20 Mar Addressing the Needs of Children in Adversity by Strengthening Colombia’s Social Welfare Workforce
The USAID HRH2030 program is pleased to partner with the Colombian Family Welfare Institute (Instituto Colombiano de Bienestar Familiar – ICBF) to provide technical assistance to strengthen the country’s social service workforce. The overarching objective of the two-year activity —HRH2030’s first in Latin America — is to increase national and district-level human resource capacity to provide child welfare and protection services.
“We are very excited to work with ICBF. They are truly committed to providing quality social services throughout the country, which is no easy task when the needs are so great,” said Ellen Eiseman, Chemonics’ project management unit director for the HRH2030 Colombia activity.
Recently emerging from a civil conflict that spanned 50 years, the government of Colombia has demonstrated a strong commitment to the country’s children and to past generations of young people affected by long-term violence and unrest. As a result of the decades-long conflict, thousands of boys and girls have been killed, injured, orphaned, forcibly displaced, recruited into armed groups, sexually abused, and kept out of schools.
When the government and The Revolutionary Armed Forces of Colombia, the country’s largest armed opposition group, signed the final peace accord on September 26, 2016, national data showed one-third of the more than eight million people registered as victims of the conflict were children. Since data collection began in 1985, roughly 2.3 million children have been displaced and 8,000 have disappeared.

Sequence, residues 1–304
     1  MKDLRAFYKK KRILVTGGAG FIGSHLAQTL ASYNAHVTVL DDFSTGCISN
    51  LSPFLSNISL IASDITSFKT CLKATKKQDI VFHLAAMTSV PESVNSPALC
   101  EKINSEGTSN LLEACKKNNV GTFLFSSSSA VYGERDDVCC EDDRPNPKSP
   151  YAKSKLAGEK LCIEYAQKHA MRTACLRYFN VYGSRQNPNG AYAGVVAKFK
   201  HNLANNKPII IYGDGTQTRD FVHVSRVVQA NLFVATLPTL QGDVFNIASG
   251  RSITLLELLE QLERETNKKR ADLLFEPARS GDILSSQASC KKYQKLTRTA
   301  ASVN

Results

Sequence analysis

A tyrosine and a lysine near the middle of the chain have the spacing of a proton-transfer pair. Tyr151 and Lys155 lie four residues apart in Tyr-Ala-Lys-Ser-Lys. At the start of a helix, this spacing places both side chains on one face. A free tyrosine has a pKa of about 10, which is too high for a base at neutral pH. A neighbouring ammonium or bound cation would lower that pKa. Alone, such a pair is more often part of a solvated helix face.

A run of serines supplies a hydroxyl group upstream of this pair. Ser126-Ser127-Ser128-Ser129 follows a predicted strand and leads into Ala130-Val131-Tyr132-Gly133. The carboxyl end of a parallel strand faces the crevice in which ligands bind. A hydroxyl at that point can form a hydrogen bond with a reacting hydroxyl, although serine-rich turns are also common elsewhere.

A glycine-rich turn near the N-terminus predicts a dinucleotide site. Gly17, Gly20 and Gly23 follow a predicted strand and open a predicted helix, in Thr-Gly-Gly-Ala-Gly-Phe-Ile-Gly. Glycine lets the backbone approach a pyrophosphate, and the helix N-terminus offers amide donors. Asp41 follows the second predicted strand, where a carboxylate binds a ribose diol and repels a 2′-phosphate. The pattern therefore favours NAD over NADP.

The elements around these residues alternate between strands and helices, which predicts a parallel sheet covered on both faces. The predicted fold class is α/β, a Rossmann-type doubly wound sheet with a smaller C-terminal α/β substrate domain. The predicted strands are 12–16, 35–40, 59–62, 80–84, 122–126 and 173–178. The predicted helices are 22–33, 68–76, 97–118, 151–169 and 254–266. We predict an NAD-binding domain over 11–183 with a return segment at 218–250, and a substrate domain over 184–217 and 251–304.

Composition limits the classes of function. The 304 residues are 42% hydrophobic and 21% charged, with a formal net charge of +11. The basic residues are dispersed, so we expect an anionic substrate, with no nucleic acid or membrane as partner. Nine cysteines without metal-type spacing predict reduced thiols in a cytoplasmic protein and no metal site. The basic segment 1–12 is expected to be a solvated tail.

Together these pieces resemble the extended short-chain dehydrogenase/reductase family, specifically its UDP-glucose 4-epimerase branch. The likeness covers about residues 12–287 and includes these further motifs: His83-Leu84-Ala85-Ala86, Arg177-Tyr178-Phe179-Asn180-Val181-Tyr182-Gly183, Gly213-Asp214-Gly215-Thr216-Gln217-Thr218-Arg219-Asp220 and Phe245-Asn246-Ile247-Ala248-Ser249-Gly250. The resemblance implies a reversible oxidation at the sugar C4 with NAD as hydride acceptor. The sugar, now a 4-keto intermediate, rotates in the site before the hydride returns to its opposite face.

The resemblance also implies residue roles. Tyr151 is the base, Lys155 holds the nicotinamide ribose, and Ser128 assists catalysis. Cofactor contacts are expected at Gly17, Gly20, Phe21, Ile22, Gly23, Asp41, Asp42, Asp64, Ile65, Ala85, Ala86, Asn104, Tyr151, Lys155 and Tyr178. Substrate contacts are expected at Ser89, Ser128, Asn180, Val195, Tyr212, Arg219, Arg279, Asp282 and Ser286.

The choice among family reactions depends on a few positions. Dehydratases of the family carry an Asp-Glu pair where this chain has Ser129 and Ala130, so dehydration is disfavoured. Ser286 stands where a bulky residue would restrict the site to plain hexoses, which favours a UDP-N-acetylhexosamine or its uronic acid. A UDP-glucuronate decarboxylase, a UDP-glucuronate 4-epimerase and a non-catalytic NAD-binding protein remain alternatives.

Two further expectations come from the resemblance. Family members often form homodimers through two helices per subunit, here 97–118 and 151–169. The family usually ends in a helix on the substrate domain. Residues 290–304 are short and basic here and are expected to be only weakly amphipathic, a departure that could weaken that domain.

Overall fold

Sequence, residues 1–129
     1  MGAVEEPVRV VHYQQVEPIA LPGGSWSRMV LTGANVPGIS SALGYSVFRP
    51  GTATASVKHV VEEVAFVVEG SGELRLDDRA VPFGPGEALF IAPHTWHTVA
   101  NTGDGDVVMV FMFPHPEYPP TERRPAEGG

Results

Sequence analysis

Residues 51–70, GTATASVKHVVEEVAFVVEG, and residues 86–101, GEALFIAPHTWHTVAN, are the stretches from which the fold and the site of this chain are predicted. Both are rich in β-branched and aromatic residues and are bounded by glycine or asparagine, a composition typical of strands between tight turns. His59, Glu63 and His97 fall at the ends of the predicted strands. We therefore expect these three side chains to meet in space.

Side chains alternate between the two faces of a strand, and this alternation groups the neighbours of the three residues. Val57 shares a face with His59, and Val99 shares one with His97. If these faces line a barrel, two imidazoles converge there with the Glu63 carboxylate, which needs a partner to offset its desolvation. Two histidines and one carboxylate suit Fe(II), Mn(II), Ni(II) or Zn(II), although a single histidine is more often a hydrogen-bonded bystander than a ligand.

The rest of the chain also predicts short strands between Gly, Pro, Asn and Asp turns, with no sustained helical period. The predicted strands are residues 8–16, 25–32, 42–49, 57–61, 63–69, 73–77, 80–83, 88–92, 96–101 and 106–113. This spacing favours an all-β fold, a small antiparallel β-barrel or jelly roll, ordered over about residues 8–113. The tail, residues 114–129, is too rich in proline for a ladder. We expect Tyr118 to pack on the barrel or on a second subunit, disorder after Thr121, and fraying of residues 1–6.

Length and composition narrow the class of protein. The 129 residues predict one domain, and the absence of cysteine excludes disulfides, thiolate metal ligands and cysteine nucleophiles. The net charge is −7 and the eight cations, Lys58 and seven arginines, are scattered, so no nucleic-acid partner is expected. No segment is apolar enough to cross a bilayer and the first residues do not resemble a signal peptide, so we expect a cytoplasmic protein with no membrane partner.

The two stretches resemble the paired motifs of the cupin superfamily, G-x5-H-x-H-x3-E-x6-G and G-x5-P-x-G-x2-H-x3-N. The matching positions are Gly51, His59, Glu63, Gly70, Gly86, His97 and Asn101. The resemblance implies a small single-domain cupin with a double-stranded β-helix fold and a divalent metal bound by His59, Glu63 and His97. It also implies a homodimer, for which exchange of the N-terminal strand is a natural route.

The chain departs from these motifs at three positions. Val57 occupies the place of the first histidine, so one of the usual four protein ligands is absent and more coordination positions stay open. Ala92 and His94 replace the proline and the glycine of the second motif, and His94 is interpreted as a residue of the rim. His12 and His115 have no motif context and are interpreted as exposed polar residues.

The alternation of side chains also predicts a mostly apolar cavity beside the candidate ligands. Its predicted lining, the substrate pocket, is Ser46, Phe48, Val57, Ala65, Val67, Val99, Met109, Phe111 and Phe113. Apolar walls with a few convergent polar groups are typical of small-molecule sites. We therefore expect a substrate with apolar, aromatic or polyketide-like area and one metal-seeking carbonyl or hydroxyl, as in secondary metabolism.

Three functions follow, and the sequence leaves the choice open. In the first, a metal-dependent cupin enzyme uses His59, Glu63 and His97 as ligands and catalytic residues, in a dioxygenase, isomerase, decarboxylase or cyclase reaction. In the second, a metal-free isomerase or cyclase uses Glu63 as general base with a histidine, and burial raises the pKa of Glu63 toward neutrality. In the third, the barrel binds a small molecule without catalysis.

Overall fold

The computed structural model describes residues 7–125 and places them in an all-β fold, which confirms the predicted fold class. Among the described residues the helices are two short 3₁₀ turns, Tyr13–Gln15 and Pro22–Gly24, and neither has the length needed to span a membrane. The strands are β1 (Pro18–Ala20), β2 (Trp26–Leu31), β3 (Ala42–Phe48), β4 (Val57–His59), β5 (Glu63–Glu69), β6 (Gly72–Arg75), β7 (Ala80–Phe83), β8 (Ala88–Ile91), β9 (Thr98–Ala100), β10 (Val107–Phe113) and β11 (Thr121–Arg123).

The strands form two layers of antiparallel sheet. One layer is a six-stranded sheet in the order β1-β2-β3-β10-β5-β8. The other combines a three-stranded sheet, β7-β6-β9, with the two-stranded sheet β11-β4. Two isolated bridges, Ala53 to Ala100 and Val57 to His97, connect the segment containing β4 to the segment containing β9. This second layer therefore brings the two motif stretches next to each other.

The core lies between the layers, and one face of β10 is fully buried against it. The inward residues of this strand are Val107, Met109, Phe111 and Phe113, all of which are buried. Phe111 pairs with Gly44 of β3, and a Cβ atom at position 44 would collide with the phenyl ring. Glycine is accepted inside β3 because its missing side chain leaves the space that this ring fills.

In response, the government of Colombia developed a multisectoral early childhood development strategy and implementation plan, including “From Zero to Forever” an inter-sectoral national strategy to ensure that every child in Colombia — particularly the most vulnerable — is guaranteed the constitutional right to free healthcare and education in the early childhood years.
Still in its early stages, HRH2030’s work in Colombia has focused initially on evaluating service gaps, assessing training needs, and understanding work flow and linkages among various national and international stakeholders.
“I’ve never worked with social service providers and stakeholders who demonstrate such clear recognition that children represent our future,” said Susan M. Gallego, American International Health Alliance’s Social Welfare Advisor for the HRH2030 Colombia activity.
“They get this at all levels of the system, perhaps even more than we do in the United States. They understand the impact of so many years of conflict on the country’s children and are committed to providing comprehensive care and support services,” the 30-year veteran social work practitioner and educator added.
As the international community celebrates World Social Work Day on March 20, USAID and the HRH2030 team will convene a two-day strategic planning meeting to finalize priorities and chart a course for targeted activities that will strengthen Colombia’s social welfare workforce for the years to come.
Colombia is a priority country for the U.S. Government’s Action Plan on Children in Adversity and receives support for interventions targeting vulnerable children from USAID, as well as the U.S. Departments of Health and Human Services, Labor, and State.
Photo: An activist joins a rally on February 20 in Bogotá, Colombia as part of Instituto Colombiano de Bienestar Familiar’s campaign against child labor.